Radiation Therapy for Cancer

Daniel Le
May 25, 2017

Submitted as coursework for PH241, Stanford University, Winter 2017


Fig. 1: A linear accelerator used to create the beams of high-energy X-rays for radiation therapy. (Source: Wikimedia Commons)

Radiation therapy is a common type of treatment for cancer patients. Radiation therapy uses high energy photons with relatively smaller wavelengths on the electromagnetic spectrum such as X-rays, and gamma rays. These smaller wavelengths are higher in energy and have the capacity to do damage to biological systems. The goal of radiation therapy is to expose the cells to high energies and damage the DNA found in the cells, thus preventing the cells from making basic proteins for functioning which kills the cell. Cancer cells are cells in the body that have mutations that prevent the cell from regulating cell growth and division, which results in a tumor. The goal of radiation therapy is to hit these cells with enough energy to damage the cell's DNA so badly to the point where it is impossible for the cells to keep dividing or just cause cell death. The risks with radiation therapy however, is that normal and healthy cells can also be damaged by the treatment along with the targeted cancer cells. Doctors must take into account the potential damage to normal functioning cells when doing radiation therapy on a patient in order to prevent too much damage to healthy tissues. Two methods of giving radiation therapy to a patient are external-beam radiation therapy and internal therapy. [1]

External-Beam Radiation Therapy

This type of radiation uses photon beams with energies ranging from x-rays to gamma rays. Since large doses are needed to kill cancer cells, the surrounding healthy cells are at high risk of damage also. The way that doctors minimize the destruction of normal cells from the radiation beams is that the source of the beam is constantly rotating around an axis that is located right at the spot of the cancer cells. This essentially minimizes as much as possible the prolonged exposure to the surrounding cells in order to do as little damage to them as possible. While at the same time, having the axis of rotation be right at the tumor site allows the beam to always pass through the desired tumor area. Fig 1 shows what the machine that makes these high energy beams look like. Note how it is able to rotate around an axis where the patient would be. This allows the cancerous cells to get a high and prolonged dose and exposure to the radiation, which as explained earlier, destroys the DNA and kills the cancerous cells to prevent further growth. [2]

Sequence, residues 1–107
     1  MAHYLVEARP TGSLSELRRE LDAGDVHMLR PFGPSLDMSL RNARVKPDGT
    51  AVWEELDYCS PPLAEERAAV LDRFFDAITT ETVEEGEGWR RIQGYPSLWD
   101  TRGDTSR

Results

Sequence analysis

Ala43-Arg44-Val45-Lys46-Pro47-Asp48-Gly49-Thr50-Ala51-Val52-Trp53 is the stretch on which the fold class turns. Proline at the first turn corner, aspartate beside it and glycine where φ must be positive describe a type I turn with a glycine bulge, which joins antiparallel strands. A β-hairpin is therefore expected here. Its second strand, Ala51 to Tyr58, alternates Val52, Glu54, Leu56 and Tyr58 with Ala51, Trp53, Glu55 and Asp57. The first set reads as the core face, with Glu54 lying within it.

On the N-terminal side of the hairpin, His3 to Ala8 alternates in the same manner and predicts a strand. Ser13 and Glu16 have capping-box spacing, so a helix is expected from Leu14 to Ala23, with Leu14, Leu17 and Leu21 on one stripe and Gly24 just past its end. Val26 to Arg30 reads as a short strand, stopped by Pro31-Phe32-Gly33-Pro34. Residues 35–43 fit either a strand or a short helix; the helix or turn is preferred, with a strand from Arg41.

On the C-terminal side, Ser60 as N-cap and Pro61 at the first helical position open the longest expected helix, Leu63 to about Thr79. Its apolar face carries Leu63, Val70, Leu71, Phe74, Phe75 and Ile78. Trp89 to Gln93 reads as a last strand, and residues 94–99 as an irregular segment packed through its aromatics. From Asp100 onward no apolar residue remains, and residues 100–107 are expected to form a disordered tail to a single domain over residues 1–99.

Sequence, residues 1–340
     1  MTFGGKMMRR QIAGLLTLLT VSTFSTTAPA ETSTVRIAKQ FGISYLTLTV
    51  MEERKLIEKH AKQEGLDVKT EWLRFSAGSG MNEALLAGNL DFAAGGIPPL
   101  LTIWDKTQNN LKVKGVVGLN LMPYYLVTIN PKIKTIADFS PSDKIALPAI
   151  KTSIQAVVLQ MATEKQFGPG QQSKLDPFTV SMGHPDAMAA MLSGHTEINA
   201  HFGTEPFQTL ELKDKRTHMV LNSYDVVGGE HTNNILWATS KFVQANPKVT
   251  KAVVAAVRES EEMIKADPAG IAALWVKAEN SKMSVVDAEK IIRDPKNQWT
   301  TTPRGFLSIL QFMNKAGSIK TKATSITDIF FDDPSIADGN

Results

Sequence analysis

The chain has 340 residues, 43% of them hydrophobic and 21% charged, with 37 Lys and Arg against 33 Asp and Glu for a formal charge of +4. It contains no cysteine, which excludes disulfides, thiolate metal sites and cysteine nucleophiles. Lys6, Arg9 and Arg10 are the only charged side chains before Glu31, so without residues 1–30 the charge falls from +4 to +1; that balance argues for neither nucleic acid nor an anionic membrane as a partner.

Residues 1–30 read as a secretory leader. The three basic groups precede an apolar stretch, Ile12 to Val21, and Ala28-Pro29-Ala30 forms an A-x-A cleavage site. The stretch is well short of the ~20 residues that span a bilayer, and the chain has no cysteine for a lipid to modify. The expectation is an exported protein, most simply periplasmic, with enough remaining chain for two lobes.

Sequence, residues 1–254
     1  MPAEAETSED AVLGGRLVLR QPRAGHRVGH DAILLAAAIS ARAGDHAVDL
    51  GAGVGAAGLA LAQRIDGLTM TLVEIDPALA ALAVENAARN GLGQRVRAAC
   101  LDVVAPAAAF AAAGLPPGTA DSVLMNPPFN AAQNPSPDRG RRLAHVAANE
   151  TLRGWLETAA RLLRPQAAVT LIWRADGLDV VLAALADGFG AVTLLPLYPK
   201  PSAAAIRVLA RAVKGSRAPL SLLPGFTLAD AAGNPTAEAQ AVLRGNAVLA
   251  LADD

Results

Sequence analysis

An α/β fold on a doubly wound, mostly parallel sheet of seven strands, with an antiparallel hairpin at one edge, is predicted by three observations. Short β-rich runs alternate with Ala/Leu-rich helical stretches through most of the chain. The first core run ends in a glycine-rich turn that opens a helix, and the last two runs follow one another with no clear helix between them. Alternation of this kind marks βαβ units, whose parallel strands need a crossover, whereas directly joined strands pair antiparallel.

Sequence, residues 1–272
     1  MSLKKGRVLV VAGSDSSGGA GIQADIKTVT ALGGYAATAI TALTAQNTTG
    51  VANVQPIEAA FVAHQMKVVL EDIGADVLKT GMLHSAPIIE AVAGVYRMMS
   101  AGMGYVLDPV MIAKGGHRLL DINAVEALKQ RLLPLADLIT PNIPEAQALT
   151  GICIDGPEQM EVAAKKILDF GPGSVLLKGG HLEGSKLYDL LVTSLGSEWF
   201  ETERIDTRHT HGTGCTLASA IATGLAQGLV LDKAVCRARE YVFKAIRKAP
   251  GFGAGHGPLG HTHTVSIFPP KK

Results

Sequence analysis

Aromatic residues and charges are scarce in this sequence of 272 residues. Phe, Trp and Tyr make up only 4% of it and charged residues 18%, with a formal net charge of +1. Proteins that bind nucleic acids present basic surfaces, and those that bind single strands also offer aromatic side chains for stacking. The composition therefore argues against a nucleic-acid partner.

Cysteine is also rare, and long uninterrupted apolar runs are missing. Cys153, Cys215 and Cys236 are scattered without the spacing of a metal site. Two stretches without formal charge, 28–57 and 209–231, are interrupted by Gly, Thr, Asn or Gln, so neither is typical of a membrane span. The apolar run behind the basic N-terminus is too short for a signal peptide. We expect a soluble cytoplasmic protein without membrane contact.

Internal Radiation Therapy

This type of radiation is also known as brachytherpy. The way brachytherapy works is that radioactive isotopes are injected directly into the tumor site. As the isotopes naturally decay , they give off radiation that damages the surrounding cancer cells that the isotopes were injected into. After a few weeks to months the isotopes completely decay off and no longer give off radiation. Again the goal is to damage the DNA of the cell to the point that the cancer cells can no longer do cell division and/or die. [3]

Another type of internal radiation therapy more specifically called systemic radiation therapy is when a patient swallows or receives an blood injection of a radioactive substance. This radioactive substance however, is bound to an antibody. The body has an innate antibody-antigen recognition system that the body uses in order to distinguish different cells, this type of therapy takes advantage of that by selecting an antibody that will recognize the cancer cell and every time the radioactive substance finds a cancer cell, it binds to that cell and kills the cancercells. [4]

© Daniel Le. The author grants permission to copy, distribute and display this work in unaltered form, with attribution to the author, for noncommercial purposes only. All other rights, including commercial rights, are reserved to the author.


[1] T. S. Lawrence, R. K. Ten Haken, and A. Giaccia, "Principles of Radiation Oncology," in Cancer: Principles and Practice of Oncology, 8th Ed., ed. by T. DeVita Jr., T. S. Lawrence and S. A. Rosenberg (Lippincott, Williams and Wilkins, 2008).

[2] D. C. Giancoli, Physics: Principles With Applications, 7th Ed. (Pearson, 2013.

[3] A. Taylor and M.E. Powell, "Intensity-Modulated Radiotherapy - What Is It?" Cancer Imaging 4, 68 (2004)

[4] L. E. Gaspar and M. Ding, "A Review of Intensity-Modulated Radiation Therapy," Curr. Oncol. Rep. 10, 294 (2008).